London - Oil markets edged higher on Tuesday to hover just below a more than two-year high struck the previous session after a blizzard on the US East Coast boosted demand for heating oil.
US crude for February was 30 cents higher at $91.30 a barrel by 1138 GMT. It had reached a peak of $91.88 on Monday - the highest since October 2008.
ICE Brent crude traded 9 cents higher at $93.94.
A weaker US dollar also provided support, although volumes were extremely thin across financial markets in end-of-year holiday trade.
The bulls pointed to a series of positive economic figures that could stimulate fuel demand.
"Data in recent weeks have been supportive of the stocks and commodity markets globally. The U.S. will avoid a double-dip. The Asian region including Japan looks a little bit better, with its industrial production finally showing an increase," said David Cohen, director of Asian Economic Forecasting at Action Economics.
"I think a lot of people are expecting prices to turn higher towards $100 a barrel next year."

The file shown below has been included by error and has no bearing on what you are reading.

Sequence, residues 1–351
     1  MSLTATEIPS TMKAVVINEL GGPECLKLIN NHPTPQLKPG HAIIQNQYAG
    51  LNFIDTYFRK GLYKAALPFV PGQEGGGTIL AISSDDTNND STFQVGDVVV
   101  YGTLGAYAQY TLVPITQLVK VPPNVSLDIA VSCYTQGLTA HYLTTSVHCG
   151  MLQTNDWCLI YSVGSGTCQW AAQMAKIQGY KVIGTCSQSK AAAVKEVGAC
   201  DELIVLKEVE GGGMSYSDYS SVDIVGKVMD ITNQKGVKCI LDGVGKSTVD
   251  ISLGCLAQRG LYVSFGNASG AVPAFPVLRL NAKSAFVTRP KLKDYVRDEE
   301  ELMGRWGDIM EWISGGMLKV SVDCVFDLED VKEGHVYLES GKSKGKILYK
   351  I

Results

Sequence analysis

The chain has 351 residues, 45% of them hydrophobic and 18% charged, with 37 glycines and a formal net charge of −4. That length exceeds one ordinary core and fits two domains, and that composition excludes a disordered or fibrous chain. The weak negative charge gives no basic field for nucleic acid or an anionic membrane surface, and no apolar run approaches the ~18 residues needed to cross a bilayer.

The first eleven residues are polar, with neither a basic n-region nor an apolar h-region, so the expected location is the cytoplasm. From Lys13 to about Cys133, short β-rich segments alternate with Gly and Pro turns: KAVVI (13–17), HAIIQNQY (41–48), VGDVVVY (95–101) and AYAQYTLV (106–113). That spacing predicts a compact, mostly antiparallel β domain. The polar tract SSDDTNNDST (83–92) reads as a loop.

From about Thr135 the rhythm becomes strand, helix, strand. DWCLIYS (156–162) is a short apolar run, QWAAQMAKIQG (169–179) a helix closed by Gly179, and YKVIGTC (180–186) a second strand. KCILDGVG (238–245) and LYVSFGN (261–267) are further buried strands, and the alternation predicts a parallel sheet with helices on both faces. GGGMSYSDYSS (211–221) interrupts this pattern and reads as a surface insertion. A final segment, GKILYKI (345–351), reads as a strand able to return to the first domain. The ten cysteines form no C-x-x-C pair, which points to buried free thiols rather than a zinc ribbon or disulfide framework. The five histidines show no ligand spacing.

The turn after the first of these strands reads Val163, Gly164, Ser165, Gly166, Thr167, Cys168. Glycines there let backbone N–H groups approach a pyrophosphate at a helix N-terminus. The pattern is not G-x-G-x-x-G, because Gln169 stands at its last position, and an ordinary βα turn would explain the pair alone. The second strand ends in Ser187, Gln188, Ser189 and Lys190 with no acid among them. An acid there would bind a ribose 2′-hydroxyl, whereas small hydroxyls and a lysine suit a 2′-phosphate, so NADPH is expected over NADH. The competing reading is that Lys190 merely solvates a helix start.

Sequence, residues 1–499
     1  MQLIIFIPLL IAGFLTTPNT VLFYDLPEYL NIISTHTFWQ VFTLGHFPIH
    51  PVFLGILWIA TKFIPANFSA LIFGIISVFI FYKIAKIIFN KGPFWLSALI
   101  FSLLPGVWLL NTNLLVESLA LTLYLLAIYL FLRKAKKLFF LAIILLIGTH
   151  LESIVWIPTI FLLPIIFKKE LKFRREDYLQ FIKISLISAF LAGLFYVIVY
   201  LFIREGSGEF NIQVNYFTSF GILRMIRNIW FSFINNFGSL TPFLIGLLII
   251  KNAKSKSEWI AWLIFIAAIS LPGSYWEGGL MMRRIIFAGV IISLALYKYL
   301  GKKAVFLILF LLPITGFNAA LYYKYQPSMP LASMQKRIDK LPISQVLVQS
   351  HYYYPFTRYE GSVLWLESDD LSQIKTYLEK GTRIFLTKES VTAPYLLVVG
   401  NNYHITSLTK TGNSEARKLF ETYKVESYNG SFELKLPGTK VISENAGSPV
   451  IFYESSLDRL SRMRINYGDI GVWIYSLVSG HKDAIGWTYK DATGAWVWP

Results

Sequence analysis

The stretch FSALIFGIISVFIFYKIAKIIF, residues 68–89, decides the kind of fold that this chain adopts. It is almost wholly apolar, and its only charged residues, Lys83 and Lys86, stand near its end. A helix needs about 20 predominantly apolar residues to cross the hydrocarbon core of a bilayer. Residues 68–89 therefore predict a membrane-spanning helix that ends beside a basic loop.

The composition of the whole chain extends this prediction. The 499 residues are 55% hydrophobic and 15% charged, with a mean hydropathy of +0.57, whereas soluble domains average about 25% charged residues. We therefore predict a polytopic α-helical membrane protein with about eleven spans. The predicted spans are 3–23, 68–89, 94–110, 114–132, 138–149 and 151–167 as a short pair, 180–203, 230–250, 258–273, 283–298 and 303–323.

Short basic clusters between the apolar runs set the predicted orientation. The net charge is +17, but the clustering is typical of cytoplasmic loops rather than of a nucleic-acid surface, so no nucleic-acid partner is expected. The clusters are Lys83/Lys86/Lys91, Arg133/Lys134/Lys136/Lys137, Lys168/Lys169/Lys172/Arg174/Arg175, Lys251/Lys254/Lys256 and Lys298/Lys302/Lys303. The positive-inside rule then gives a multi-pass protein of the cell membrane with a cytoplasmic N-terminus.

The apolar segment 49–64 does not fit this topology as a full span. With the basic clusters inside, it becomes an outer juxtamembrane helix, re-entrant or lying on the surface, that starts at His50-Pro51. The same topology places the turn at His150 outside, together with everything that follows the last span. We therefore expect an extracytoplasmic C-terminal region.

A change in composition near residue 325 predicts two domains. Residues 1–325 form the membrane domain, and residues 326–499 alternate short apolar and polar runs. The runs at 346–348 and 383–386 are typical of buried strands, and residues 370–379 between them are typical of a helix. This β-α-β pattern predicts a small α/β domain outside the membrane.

The Organization of Arab Petroleum Exporting Countries, some of whose members also belong to OPEC, met in Cairo at the weekend, when leading exporter Saudi Arabia reiterated its preference for a $70-$80 price range. Others said $100 would be fair and the global economy could withstand it.
From a low struck in May, oil has rallied by 35%, and the market is roughly 15% higher than at the end of 2009.
A rally across financial markets took hold in earnest around September, spurred by the latest waves of US quantitative easing and a weakened dollar that can support dollar-denominated commodities.
The dollar sagged against a basket of currencies on Tuesday .
For oil-consuming countries, the sustained commodities rally has raised concerns of inflation, but OPEC ministers have said a change in output policy would only be justified if there were a significant shift in fundamentals of supply and demand as opposed to a speculative price rally.
The latest data from the U.S. Commodity Futures Trading Commission on Monday showed money managers had extended their net long crude oil positions to a record high.
The latest indications of fundamentals of supply and demand for the United States, the world's biggest oil burner, will not be released until Wednesday and Thursday. Figures published last week showed a big drop in crude inventories, although they were still higher than a year ago.
Heating oil demand has been stoked in Europe and the United States by unusually cold weather.
Temperatures in the U.S. Northeast, the world's biggest heating oil market, were expected to return to near normal on Wednesday after a major snowstorm caused chaos over the first part of the week.